In a widely viewed CNN interview on Feb 14, anchor Jake Tapper grilled Walensky and demanded to know why the guidelines would allow schools in areas with high coronavirus community spread — know as “red zones” — to opt out of in-person reopening, noting that 99% of US kids fell within those areas, according to a CNN analysis.
“Can you point to any scientific reason for students in the United States not to return to in person classes tomorrow?” Tapper demanded several times.
“If you’re in middle school or high school we would advocate for virtual learning for that group … We really don’t want to bring community disease into the classroom,” Walensky replied, repeatedly refusing to offer a scientific explanation for the reopening avoidance. “We also know that mask breaching is among the reasons that we have transmission within schools when it happens. Somewhere around 60% of students are reliably masking. That has to be universal. So we have work to do.”
Dr. Monica Gandhi, a professor of medicine at the University of California, San Francisco who has written extensively on coronavirus, called the CDC-AFT emails “very, very troubling,”
“What seems strange to me here is there would be this very intimate back and forth including phone calls where this political group gets to help formulate scientific guidance for our major public health organization in the United State,” Gandhi told The Post. “This is not how science-based guidelines should work or be put together.”
The close communication between the union and the feds came despite repeated assurances from CDC and Biden officials that the medical guidelines would “follow the science” and be free of political interference.
“I can assure you that this is free from political meddling,” Walensky said when the guidance was released.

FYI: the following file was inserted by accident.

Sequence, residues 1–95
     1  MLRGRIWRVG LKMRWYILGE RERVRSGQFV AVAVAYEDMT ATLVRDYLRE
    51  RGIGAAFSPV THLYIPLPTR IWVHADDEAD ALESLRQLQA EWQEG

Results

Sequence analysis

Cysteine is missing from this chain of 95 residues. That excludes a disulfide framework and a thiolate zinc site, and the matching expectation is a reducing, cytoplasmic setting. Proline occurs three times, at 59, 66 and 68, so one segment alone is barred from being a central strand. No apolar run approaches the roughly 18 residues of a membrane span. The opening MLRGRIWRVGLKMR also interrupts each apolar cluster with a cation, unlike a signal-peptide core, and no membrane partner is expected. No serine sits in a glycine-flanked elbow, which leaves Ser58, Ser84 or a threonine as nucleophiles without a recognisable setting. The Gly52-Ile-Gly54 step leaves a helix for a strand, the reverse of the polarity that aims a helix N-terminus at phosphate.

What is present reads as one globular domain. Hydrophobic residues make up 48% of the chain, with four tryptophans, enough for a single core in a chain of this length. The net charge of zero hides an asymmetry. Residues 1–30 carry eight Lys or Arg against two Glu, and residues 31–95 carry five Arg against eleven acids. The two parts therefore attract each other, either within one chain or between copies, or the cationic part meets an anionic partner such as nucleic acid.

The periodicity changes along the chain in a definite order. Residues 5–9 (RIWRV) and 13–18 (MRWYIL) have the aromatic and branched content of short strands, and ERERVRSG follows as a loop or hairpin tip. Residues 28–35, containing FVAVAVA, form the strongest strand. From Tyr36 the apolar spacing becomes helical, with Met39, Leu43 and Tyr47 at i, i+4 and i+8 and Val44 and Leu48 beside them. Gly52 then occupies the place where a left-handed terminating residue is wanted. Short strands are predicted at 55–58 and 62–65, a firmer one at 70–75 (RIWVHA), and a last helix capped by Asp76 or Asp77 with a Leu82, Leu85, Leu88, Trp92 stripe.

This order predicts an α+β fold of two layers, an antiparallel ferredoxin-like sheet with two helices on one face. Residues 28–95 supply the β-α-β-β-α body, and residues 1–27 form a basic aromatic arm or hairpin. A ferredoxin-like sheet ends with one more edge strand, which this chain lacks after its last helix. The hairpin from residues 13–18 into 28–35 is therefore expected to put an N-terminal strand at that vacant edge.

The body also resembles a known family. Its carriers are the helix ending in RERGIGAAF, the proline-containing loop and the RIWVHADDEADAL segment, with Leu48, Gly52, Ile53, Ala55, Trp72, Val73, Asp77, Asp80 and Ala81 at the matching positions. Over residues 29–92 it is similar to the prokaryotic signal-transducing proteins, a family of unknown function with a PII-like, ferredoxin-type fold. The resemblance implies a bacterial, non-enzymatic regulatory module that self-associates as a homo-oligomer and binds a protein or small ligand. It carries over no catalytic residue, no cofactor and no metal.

The AFT and its affiliates have long been one of the most reliable and deep pocketed donor constituencies of the Democratic party, dropping almost $20 million to elect party members during the 2020 election cycle, according to the Center for Responsive Politics.
The union defended its role in shaping federal COVID policy.
“The AFT represents 1.7 million educators, healthcare professionals and public employees who spent the last 14 months serving on the front lines of the COVID-19 pandemic. So naturally, we have been in regular touch with the agencies setting policy that affect their work and lives, including the CDC,” said AFT spokeswoman Oriana Korin, adding the union also worked closely with the Trump administration.
The CDC also insisted such conversations are routine.
“As part of long-standing best practices, CDC has traditionally engaged with organizations and groups that are impacted by guidance and recommendations issued by the agency. We do so to ensure our recommendations are feasible to implement and they adequately address the safety and wellbeing of individuals the guidance is aimed to protect. These informative and helpful interactions often result in beneficial feedback that we consider in our final revisions to ensure clarity and usability,” Jason McDonald, a spokesman for Dr. Walensky, told The Post.
McDonald said the agency had worked with a number of other non-governmental parties that would be affected by the guidance and provided them draft copies — including the National Education Association, National Association of School Nurses and National Association of State Boards of Education.